• Conduct win/loss studies. Think about the last time you shopped for a car. If you left the lot without making a purchase, you probably received several calls from your sales person, hoping to get you back in. But how about when you finally made a purchase? If your experience is anything like mine, you never heard from that sales person again. That’s a mistake.

    Following up with the “wins” is an opportunity to understand what’s working. Was it price, dealer location, the sales person’s persuasiveness, or some other factor that has yet to be uncovered? Only by talking with your successes will you learn the answer — an answer that can help you determine which differences really matter.
  • Consider an exploratory phase. In Switch, Heath points out that, “As an outsider, Sternin never could have foreseen these practices.” He knew something was causing a positive difference in some children, but beyond that, he had no clues. No one would have guessed to ask about feeding frequency and it was only through an open-ended approach that the key differences were uncovered.

    Market research into business bright spots also benefits from a less structured, exploratory phase, particularly when you don’t know a great deal about a given situation. You may know something is working, but without the benefit of interviews and observation across a range of success patterns, you’ll have a difficult time identifying what these determining factors are.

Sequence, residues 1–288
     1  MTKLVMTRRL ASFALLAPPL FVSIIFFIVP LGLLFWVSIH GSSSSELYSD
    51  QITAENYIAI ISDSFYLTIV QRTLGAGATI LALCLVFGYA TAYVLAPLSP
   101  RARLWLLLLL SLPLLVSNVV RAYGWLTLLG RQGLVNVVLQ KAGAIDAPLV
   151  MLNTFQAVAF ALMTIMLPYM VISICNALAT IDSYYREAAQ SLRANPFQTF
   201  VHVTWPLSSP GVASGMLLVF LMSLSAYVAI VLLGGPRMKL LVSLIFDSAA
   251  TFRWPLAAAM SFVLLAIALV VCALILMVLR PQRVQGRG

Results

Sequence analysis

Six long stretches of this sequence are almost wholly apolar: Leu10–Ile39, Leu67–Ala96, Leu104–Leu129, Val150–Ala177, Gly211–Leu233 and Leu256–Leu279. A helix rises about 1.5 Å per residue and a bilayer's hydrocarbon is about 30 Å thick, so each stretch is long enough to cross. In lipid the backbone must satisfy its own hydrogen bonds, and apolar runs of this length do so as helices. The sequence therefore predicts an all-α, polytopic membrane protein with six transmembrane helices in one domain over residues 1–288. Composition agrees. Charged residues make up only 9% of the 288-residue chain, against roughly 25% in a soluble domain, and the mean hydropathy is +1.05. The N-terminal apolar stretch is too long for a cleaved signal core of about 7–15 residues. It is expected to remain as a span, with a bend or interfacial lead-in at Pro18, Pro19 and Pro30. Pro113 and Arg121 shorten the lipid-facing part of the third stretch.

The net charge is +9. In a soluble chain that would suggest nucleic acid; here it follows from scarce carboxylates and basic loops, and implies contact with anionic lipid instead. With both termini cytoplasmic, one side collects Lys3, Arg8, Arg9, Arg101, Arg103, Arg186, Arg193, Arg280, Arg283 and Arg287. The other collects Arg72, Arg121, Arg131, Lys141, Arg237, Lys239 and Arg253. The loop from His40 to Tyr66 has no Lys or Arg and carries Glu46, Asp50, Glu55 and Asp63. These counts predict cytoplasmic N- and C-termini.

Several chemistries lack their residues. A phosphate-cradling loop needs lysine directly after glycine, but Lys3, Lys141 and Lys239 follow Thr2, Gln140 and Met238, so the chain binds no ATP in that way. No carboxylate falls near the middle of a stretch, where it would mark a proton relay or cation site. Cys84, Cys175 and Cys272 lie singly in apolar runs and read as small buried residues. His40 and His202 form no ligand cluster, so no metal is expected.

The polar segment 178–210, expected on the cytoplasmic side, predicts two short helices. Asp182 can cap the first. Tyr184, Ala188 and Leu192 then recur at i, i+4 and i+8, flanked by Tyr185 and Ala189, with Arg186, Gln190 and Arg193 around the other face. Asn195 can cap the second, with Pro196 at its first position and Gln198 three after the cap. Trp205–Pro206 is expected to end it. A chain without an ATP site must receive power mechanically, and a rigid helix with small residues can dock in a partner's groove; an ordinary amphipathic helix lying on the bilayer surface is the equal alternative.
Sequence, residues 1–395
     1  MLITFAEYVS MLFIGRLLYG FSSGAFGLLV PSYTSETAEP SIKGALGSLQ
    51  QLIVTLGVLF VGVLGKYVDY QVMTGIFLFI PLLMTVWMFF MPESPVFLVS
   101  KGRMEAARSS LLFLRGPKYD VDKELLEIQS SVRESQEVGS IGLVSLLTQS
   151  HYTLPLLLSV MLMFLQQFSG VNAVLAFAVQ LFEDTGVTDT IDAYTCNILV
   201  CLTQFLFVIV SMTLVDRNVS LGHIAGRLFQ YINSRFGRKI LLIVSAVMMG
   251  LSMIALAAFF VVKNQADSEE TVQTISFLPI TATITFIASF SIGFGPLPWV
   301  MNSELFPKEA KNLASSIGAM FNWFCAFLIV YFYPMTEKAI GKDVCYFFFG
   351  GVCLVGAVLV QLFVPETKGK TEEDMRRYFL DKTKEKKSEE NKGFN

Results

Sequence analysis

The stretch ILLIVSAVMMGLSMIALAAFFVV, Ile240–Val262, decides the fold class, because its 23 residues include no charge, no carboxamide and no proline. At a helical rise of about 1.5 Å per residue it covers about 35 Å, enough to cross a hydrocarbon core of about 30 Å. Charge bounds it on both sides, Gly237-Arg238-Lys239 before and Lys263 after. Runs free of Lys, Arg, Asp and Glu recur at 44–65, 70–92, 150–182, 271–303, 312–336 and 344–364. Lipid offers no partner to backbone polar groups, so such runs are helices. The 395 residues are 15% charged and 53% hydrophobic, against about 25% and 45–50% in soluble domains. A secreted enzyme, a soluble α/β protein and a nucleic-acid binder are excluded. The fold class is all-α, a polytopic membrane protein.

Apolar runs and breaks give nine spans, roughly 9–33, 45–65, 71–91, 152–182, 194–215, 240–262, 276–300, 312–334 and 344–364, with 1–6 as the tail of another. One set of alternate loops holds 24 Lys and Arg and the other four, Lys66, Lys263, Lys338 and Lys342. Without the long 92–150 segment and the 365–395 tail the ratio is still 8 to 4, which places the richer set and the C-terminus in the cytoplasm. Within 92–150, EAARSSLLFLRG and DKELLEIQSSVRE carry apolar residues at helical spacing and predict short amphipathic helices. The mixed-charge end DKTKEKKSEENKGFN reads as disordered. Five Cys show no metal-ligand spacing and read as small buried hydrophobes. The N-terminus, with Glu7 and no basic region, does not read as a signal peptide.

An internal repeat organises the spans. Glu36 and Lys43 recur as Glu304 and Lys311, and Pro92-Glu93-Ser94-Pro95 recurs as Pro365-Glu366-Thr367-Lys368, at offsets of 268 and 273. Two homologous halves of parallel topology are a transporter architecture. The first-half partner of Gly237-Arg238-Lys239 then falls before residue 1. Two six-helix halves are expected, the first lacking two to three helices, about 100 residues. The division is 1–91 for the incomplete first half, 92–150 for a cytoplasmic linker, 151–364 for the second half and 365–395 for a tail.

• Follow the winners. In every sales situation we have ever encountered, there are always some people who consistently outperform their peers. Wouldn’t it be worthwhile to understand why?

    Maybe they are particularly good at handling objections, or at targeting certain groups, or at making follow-up phone calls. Whatever the reasons, until you dig in and uncover the causative factors in the success of these folks, you can’t share it with the rest of your team.
  • Look beyond the black and white. Most wins are not all or nothing; there are gradations within each. Maybe part of a complex sale was made, but not all of the pieces that were possible came together in your favor. Maybe your sales team landed a place in “the finals” (which means it was successful to a point) but was not the ultimate winner. What made the difference?

    Lost sales are the same way. Maybe you’ve got a salesperson who’s terrifically good at taking a prospect part of the way, but not skilled in closing. Maybe their job needs to change. Maybe you need a different closer. Simply chalking it up to “a poor salesperson” may lead you to discard people who, under different conditions, could be valuable contributors.